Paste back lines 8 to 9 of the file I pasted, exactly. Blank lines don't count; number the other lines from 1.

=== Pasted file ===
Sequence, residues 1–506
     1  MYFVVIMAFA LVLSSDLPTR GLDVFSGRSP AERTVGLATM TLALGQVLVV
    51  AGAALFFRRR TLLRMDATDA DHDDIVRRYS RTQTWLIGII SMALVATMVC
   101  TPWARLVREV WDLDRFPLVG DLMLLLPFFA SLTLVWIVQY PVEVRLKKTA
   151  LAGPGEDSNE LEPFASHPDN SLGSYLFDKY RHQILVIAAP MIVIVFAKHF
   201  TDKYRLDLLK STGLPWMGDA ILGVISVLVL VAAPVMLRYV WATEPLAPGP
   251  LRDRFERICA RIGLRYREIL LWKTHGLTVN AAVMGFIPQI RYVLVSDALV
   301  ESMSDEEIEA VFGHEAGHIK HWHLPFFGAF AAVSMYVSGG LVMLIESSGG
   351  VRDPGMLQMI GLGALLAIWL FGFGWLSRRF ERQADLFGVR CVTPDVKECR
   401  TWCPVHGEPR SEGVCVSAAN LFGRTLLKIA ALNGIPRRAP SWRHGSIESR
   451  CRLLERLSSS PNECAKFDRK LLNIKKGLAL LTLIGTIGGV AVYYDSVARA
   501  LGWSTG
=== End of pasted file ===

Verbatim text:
   301  ESMSDEEIEA VFGHEAGHIK HWHLPFFGAF AAVSMYVSGG LVMLIESSGG
   351  VRDPGMLQMI GLGALLAIWL FGFGWLSRRF ERQADLFGVR CVTPDVKECR